Sadly the changes to our extreme porn law have taken none of these factors into account. There’s been an assumption that extreme pornography exists and is easy to define and identify. All involved in using, creating and distributing it are constructed abusers, and if people consume it they are liable to commit heinous sex crimes.
This overlooks the fact that many people who commit the most shocking violent sex crimes don’t have access to pornography (or certainly to ‘extreme pornography’). For example, if you look at levels of sexual violence against women and children in the developing world/global south you’ll find high levels of extreme sexual violence and rape carried out against women and children. Abusers may have little or no access to the media, yet still carry out shocking crimes.
The argument that extreme porn causes extreme sexual violence simplifies the relationship people have with porn and avoids the more complicated question that most people who look at porn do not commit violent sex crimes, and those who commit sex crimes most often do not seem to enjoy violent/extreme pornography.
Focusing on the extreme also means we avoid some of the very real problems porn gives us that probably have a greater impact on our lives and risks to our health and wellbeing. It ignores how it misleads people about how their bodies work, or what a partner might want. It neglects how sex can be reduced to performance and positions in an increasingly reductive format. It implies that ‘great sex’ must now include several positions, some oral, anal and if you’re lucky some girl-on-girl action. It suggests you’re a prude if you don’t want this.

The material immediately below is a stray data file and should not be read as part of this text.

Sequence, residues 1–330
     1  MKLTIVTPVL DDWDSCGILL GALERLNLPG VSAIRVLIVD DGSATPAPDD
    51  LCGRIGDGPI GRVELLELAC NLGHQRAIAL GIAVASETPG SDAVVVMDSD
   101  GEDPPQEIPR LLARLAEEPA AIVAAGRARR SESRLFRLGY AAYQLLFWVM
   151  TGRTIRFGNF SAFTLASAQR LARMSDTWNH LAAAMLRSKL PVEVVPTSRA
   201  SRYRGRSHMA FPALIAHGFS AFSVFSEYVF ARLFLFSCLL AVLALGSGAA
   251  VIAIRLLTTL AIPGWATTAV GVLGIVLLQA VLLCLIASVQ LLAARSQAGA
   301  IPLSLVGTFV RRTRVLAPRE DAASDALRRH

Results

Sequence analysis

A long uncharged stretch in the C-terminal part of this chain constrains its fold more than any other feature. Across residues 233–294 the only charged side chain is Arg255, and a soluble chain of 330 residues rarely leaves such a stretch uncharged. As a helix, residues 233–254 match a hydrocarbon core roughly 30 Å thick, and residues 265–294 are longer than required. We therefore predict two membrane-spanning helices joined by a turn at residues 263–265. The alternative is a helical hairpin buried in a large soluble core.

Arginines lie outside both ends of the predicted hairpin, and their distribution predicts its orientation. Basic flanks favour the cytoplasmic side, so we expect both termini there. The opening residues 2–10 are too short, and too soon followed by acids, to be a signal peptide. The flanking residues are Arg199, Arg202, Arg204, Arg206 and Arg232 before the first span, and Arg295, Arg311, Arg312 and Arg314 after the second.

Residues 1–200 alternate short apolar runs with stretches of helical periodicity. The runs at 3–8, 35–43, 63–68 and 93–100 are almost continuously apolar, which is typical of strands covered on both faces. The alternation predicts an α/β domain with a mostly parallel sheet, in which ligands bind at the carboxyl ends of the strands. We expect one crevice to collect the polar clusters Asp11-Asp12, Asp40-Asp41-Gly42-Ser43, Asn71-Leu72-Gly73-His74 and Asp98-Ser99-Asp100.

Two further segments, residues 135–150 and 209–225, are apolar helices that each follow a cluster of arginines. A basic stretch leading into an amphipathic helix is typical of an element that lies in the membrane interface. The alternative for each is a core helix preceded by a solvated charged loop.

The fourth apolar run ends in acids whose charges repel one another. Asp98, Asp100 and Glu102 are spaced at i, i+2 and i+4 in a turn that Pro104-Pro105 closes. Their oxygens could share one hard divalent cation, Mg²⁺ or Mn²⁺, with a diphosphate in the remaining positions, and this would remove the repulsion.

It allows us to conveniently ignore most people consume higher levels of sexual material through the mainstream media that we don’t deem extreme but still give very clear messages of what sex should be like – where lads should push to get as much hedonistic sex as they can and girls should learn the perfect sex technique to keep him happy.
The whole time our gaze is misdirected towards the perils of ‘extreme’ imagery we’re missing the lower grade sexism, pressure on men to perform, and women to service that permeates so much of mainstream culture. Perhaps our question should be less about how we deal with the extreme kinds of porn, and more about the impact of everyday sexualised culture that we have to operate in. And rather than wheeling on legal changes why don’t we look at providing better sex education to give people the critical ability to question whoever is telling them something about sex – whether it’s in porn, a mainstream lad’s mag or women’s glossy, from a drug company, or sex toy store.
The difficulty with this area is that there have been a number of horrific and high profile cases where women have been horribly abused and murdered at the hands of men who have reportedly consumed extremely violent pornography. Faced with such tragedy it is logical that people would want to take steps to ensure it doesn’t happen again.
Unfortunately this change in the law is unlikely to do that. It may surprise you to know there was a government consultation where people like myself pointed out the scientific evidence in this area, the flaws within said evidence, conclusions one could draw and where there were particular areas needing attention (some of which I’ve outlined above). Did the government pay any attention to this? No, they did not.
As an academic who has researched pornography (and the way pornography is researched) over more years than I care to remember I find it shocking that this information can be overlooked for political gain. While many will now be concerned over their civil liberties I’m just left with the feeling this is another sad day for science.Tweet